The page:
Panegyric 1969 / 2019
A towering achievement of popular music which refuses to be scaled fifty years on but lends itself to observation from various angles.
It’s rather rare for a rock ensemble with a distinguished, distinct discography to have their first studio effort stand out half a century later and not be obscured by subsequent entries, let alone their peers’ oeuvre, but KING CRIMSON have never been less than unique – or, more precisely, this group have existed as a single entity in a class of their own ever since their debut signaled the beginning of a very peculiar path in modern culture’s convoluted vista. Once out in the open, “In The Court Of The Crimson King” crossed the boundaries of simple entry in a music catalogue and became a gateway into the frightening, if mesmeric, unknown for a few generations of common listeners and fellow performers alike.
Back in the day, in the late ’60 when genre borders got blurred to be mapped anew soon enough, there were other bands – such as COLOSSEUM and BLODWYN PIG – who combined wailing saxophone with stinging guitar; only those usually aligned themselves with blues or jazz. Yet whence KING CRIMSON came no pre-existing style could be applied to define this demonic sonic assault that hit hard on both melody and lyrical levels while being possessed with a lot of nuances and detail. They still stun in the original recording of “ITCOTCK” as assigned to one of the CDs here, on the arresting 50th Anniversary reissue, brought to the fore on Steven Wilson‘s remix on another disc, and exposed on the third one.
Firmly embedded in its time, the album may seem aloof and, to an extent, alien, but that’s how its subtitle – “An Observation By King Crimson” logically plays out: the ensemble comment on the period’s turmoil through tuneful tumult from both internal and external point of view, which contributed to its place in eternity. Whereas other art-rockers’ debuts are often perceived as raw experiments, KC’s initial LP emerged fully formed – outside of it, the Judy Dyble-delivered version of “I Talk To The Wind” just didn’t registered with progressively-minded listeners – as a pellucid pinnacle of what would follow in its wake. There would be many more offerings further on down the line, yet none – including such full-blooded flights of fantasy as “Red” that saw the tenets first demonstrated here explored and evolved – surpassed the shock and wonder of this pseudo-conceptual opus.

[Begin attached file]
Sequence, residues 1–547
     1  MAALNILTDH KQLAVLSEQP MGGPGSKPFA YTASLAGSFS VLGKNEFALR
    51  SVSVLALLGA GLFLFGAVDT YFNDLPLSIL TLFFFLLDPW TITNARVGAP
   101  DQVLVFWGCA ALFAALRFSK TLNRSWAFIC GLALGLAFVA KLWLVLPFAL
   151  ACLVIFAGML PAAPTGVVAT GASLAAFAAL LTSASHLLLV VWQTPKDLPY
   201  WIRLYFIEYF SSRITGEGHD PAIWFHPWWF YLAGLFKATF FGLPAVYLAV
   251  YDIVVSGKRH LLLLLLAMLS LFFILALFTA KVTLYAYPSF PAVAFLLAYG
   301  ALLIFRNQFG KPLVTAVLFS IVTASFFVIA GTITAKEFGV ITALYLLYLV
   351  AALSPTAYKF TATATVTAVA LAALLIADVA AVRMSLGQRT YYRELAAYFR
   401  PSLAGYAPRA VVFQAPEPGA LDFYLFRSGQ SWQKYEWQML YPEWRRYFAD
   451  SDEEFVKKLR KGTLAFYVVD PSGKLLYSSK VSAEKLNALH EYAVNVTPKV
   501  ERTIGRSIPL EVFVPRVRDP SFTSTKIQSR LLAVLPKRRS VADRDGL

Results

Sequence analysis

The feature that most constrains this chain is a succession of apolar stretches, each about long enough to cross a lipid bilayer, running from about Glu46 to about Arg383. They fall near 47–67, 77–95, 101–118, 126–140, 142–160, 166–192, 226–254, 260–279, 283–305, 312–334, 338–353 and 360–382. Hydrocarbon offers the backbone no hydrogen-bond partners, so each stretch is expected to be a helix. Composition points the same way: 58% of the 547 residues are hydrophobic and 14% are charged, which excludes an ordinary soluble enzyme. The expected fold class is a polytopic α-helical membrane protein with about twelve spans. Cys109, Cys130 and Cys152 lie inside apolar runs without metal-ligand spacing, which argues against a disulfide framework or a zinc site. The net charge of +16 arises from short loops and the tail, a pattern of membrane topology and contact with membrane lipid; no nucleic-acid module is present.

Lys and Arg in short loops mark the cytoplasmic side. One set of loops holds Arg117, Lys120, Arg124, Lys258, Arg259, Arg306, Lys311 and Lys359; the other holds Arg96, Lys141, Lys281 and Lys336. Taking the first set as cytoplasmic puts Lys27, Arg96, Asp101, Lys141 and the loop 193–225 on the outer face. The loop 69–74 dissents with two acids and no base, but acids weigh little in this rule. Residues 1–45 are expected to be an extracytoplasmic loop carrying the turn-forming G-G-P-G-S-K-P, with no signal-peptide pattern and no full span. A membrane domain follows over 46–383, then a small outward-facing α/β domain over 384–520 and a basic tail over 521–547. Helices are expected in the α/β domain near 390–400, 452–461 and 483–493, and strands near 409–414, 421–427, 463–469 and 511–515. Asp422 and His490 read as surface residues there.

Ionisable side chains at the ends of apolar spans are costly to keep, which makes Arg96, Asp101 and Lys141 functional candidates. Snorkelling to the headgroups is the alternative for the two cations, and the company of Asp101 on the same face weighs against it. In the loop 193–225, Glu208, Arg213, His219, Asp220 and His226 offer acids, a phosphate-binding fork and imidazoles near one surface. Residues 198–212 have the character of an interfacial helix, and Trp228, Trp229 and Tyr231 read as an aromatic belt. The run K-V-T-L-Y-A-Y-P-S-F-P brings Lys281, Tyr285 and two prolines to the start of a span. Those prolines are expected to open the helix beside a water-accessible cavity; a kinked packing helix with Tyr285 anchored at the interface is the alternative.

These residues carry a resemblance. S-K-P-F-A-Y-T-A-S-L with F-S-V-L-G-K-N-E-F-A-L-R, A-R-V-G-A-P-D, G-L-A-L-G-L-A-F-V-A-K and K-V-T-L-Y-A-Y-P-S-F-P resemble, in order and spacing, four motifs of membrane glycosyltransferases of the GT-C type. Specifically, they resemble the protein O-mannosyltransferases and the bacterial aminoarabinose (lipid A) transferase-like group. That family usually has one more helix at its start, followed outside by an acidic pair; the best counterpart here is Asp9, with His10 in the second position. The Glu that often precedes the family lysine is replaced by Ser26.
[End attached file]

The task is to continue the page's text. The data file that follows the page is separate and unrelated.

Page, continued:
It’s amazingly balanced. For every fierce instant – with the record’s abject horror expressed not only by Barry Godber’s artwork and the fury of “21st Century Schizoid Man” but also via the folk-avant-garde of “Moonchild” and fragments of the titular epic – there’s a moment of serenity, even though the flute-flaunting “Wind” has worry married to bliss, as Mellotron passages enforce the pieces’ frailness. The album’s brittle, albeit non-fragile, sound that’s crystallized most impressively on “Epitaph” – especially when the words are wiped, revealing Bach’s “Air on the G String” as one of the ballad’s sources – might not have been consciously reliant on the devil’s tritone, yet the often funereal flow is undoubtedly deliberate and the lament deceptive, creating a contrast to move the mood. And this edition should help embrace every twist which lay below the old LP’s surface.
Ian McDonald‘s reeds rage on the 1969 instrumental run through “Schizoid” whose fervent groove is propelled by Greg Lake‘s bass as much as it’s colored by Robert Fripp’s meandering rifferama, and 2019’s rejigging and enhancement of the entire album’s voiceless interface are nigh on revelatory, the robust transparency behind “Wind” and the heaviness in the “The Return Of The Fire Witch” section of the title suite made all the more sensual. On “Schizoid” with its crafty screech, Lake’s artificially stifled vocals reflect the atmosphere of the record’s era – perhaps, more relevant today than back then – most perfectly, as Michael Giles’s drums stoke the ire without ever losing their rhythmic poise, up to the cymbals’ rustle which usher in the title track’s piano-splashed finale. Fresh mixes render the familiar landscape multidimensional – and that’s in stereo, let alone the surround option on Blu-ray – but the new, wider angle somewhat dilutes the erstwhile impact, as the sinister, claustrophobic call-and-response of six strings and brass on “Schizoid” traded off for cinematic panorama, and the cushioning of “Wind” is softly shattered once the faux-orchestral gusts of “Epitaph” paint the doom-and-gloom. Still, “Moonchild” finds its formerly barely-there, if creepy, presence fleshed out, and “ITCOTCK” has its motley front stricken with vulnerability.
And then there’s a so-called “Alternate Album” which highlights different aspects of all the five numbers, including the unnecessary studio chat from 50 years ago and Jakko Jaksyk and Mel Collins recent overdubs that hardly add anything special to the crazy swirl, given how modern the record feels five decades after it was committed to tape. Fripp’s fluid electric lines illuminate yet another version of “Wind” whereas his acoustic lace, in turns loose and vigorous, works miracles in the duo take on this ballad, with McDonald’s ivories providing tangibly exquisite texture, but it’s Lake’s isolated singing on “Epitaph” that serves up the eeriest, emotional experience, an unseen essence of the early visit to “The Court”…
Stark and startling here, strikingly opulent there, and marvelous everywhere, this temporal milestone remains a signpost on the way to eternity, with not a trace of moss gathering on its groove-riven facets – because its aural anguish and pleasure are indefinitely real.